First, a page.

The Australian Veterinary Association (AVA) warned pet owners of the health risks posed by lay dental practitioners offering "anaesthesia-free dentistry".
An increasing number of non-veterinary companies are offering cleaning and scaling on conscious pets, but the AVA said the practice does not provide adequate dental care and can be harmful to the animals.
Anaesthesia-free dentistry involves the fully conscious pet being physically restrained so dental instruments, and sometimes power scalers, can be used to remove calculus from the teeth.
Dr Tara Cashman, President of the Australian Veterinary Dental Society said that the term "anaesthesia-free dentistry" is misleading for pet owners as the procedure is purely cosmetic and fails to identify serious problems such as dental disease. Dental disease is common in Australian pets. If untreated, it can be painful and lead to chronic health concerns.
"Cleaning the visible surface above the gum line makes the teeth look superficially clean but will not detect dental disease present below the gum line, and thus provides no medical benefit," Dr Cashman said.
She said it is impossible to complete a thorough oral examination including checking every single tooth especially sub-gingivally (below the gum line), the tongue, palate and oropharynx (back of the throat) in a conscious animal. X-rays cannot be taken when the pet is awake.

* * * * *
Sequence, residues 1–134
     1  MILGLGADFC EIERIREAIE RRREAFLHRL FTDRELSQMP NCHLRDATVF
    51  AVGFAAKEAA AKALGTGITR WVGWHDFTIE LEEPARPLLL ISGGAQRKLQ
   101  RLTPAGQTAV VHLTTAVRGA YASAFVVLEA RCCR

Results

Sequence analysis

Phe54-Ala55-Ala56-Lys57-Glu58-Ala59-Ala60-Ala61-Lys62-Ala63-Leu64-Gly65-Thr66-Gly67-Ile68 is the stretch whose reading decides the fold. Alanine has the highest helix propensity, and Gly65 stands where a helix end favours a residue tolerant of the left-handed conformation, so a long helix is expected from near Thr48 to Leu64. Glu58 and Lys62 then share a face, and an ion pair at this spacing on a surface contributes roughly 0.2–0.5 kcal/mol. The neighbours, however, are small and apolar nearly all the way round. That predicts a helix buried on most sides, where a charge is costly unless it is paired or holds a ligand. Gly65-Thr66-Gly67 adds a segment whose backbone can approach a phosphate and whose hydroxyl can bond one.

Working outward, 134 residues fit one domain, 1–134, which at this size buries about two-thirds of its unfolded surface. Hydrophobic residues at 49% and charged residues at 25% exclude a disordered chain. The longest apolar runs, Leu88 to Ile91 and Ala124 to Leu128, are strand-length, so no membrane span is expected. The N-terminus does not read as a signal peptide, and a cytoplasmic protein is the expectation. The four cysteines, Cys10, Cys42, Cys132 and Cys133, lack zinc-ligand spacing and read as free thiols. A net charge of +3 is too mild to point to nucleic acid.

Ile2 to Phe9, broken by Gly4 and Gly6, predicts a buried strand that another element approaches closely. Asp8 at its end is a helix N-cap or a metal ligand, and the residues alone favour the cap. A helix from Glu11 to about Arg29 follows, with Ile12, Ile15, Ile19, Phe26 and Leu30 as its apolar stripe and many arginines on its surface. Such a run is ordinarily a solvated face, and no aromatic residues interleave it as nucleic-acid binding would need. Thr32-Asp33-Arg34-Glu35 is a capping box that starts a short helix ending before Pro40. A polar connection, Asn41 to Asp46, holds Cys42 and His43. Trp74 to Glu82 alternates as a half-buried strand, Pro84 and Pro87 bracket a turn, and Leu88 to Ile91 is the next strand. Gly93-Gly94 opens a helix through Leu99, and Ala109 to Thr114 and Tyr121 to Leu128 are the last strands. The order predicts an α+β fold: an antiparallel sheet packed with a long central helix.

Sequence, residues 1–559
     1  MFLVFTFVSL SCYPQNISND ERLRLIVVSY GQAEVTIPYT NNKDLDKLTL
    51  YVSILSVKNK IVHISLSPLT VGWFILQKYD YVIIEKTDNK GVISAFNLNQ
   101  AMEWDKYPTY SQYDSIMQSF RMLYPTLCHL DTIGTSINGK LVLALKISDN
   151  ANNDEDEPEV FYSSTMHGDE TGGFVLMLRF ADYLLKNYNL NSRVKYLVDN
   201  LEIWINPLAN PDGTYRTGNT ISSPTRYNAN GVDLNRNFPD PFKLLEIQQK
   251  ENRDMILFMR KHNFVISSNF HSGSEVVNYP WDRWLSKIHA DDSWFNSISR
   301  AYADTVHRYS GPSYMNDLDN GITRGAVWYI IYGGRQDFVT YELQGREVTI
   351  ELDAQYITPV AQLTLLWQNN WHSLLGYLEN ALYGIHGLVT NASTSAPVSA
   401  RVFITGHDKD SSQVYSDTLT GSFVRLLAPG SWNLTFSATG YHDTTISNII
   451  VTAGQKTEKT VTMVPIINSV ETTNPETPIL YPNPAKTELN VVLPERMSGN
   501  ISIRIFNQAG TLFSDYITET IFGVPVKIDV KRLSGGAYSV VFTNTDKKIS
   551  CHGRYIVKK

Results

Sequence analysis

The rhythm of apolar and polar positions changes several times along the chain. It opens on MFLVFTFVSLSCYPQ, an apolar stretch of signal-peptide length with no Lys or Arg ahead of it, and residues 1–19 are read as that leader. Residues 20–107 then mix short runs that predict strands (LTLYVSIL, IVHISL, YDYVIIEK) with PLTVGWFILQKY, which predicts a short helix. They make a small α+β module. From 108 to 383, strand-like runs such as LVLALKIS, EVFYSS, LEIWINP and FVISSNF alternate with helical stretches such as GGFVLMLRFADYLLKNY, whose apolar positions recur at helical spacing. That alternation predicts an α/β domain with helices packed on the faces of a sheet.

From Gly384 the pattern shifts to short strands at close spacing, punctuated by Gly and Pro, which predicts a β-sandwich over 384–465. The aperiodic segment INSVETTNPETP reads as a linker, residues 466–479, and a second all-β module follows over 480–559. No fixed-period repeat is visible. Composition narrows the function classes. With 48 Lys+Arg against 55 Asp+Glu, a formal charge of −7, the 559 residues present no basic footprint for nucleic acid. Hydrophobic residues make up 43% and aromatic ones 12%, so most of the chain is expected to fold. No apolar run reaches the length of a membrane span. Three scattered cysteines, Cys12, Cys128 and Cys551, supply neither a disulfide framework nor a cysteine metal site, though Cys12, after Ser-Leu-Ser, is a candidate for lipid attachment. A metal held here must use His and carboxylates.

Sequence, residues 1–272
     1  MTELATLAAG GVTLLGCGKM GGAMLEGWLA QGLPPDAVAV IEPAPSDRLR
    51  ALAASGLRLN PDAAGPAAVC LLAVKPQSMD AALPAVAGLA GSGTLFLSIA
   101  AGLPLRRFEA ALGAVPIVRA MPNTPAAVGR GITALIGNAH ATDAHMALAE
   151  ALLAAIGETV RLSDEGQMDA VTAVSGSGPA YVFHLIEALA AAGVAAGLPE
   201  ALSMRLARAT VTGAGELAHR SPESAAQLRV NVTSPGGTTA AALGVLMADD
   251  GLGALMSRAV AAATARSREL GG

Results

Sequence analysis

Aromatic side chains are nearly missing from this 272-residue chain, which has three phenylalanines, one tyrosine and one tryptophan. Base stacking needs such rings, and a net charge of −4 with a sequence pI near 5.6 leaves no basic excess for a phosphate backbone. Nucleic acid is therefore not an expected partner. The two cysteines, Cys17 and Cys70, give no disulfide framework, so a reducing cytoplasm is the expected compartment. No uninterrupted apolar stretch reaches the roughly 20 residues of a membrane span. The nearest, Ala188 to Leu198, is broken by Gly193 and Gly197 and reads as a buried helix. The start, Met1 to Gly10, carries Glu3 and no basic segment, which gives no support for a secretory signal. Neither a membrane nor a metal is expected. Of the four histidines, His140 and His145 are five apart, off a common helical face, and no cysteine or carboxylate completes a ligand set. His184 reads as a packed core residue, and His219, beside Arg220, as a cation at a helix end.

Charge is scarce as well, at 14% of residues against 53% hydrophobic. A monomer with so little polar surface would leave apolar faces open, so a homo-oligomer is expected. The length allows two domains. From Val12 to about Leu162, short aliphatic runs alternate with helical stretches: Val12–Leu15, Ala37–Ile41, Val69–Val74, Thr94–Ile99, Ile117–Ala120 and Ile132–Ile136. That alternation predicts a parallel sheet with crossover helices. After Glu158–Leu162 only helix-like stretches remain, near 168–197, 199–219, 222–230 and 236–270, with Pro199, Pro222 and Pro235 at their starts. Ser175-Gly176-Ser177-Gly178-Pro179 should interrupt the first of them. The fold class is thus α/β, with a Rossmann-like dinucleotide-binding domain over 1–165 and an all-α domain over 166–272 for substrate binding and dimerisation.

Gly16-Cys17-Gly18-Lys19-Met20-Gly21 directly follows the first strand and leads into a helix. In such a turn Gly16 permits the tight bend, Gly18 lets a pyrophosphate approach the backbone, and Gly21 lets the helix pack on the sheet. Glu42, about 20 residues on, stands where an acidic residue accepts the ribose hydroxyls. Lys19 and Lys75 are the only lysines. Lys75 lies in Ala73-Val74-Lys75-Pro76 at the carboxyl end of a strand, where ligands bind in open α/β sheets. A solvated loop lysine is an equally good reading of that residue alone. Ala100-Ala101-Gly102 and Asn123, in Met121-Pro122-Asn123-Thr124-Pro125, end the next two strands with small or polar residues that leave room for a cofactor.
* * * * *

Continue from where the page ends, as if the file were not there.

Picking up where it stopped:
"Most lay operators have no animal handling qualifications and are certainly not licensed to diagnose, medicate or radiograph any pet. They may have the best intentions, along with the pet owner to care for the pet's oral health but anaesthesia-free dentistry is not best practice for the animal," Dr Cashman said.
But it's not just dental health that should be concerning pet owners, restraining an animal and forcing it to undergo an uncomfortable procedure over an extended period of time can increase anxiety and make it more difficult for future examinations to occur.
"The animal must be physically restrained, which can lead to significant anxiety. As the animal is conscious, it will be fully aware of any pain involved in the procedure and this can lead to longer-term anxiety and aversion to being touched around the face and muzzle," Dr Cashman said.
Dental instruments need to be very sharp to debride calculus and plaque from the teeth and could easily injure a handler or patient as the patient moves. Fractious animals mayscratch or bite also. There is no way to protect the airway from aerosolised bacteria or fluids including blood, saliva and scaler coolants further endangering the patient.
The anaesthetic ensures the experience is a positive one for your pet because it is unaware of the pain during the procedure and doesn't need to be physically restrained.